Please provide a valid email address.

You’re all set!

Campaign 2016 Email Updates

Please provide a valid email address.

You’re all set!
Show Comments
The Republicans debated Saturday night. The New Hampshire primary is Feb. 9. Get caught up on the race.
Highlights from Saturday's GOP debate
Except for an eminent domain attack from Bush, Trump largely avoided strikes from other candidates.

Christie went after Rubio for never having been a chief executive and for relying on talking points.

Carson tried to answer a question on Obamacare by lamenting that he hadn't been asked an earlier question about North Korea.
The GOP debate in 3 minutes
Play Video
We have all donors in the audience. And the reason they're booing me? I don't want their money!
Donald Trump, after the debate crowd at St. Anselm's College booed him for telling Jeb Bush to be "quiet."
Play Video
New Hampshire polling averages
Donald Trump holds a commanding lead in the next state to vote, but Marco Rubio has recently seen a jump in his support, according to polls.
New Hampshire polling averages
A victory in New Hampshire revitalized Hillary Clinton's demoralized campaign in 2008. But this time, she's trailing Bernie Sanders, from neighboring Vermont. She's planning to head Sunday to Flint, Mich., where a cost-saving decision led to poisonous levels of lead in the water of the poor, heavily black, rust-belt city.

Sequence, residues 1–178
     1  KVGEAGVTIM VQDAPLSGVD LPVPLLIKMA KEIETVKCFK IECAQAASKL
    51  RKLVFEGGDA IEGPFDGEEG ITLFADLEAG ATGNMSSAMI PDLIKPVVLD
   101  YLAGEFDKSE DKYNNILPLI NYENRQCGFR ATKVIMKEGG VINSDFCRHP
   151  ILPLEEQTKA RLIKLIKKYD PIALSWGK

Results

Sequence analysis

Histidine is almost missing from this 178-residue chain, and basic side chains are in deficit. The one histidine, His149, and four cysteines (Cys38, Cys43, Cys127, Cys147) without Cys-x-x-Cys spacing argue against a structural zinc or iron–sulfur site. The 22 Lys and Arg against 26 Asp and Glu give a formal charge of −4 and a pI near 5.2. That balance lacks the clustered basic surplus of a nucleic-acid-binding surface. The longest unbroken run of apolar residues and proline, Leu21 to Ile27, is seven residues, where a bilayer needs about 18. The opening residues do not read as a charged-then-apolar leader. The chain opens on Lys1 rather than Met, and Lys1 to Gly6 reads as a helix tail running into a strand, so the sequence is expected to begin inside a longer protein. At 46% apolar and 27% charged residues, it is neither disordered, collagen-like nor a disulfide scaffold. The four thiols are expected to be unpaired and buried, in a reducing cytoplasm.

55% 38%
Upcoming debates
Feb. 11: Democratic debate

on PBS, in Wisconsin

Feb 13: GOP debate

on CBS News, in South Carolina

Feb. 25: GOP debate

on CNN, in Houston, Texas

Campaign 2016
State of the race

To keep reading, please enter your email address.

You’ll also receive from The Washington Post:
  • A free 6-week digital subscription
  • Our daily newsletter in your inbox

Please enter a valid email address

I have read and agree to the Terms of Service and Privacy Policy.

Please indicate agreement.

Thank you.

Check your inbox. We’ve sent an email explaining how to set up an account and activate your free digital subscription.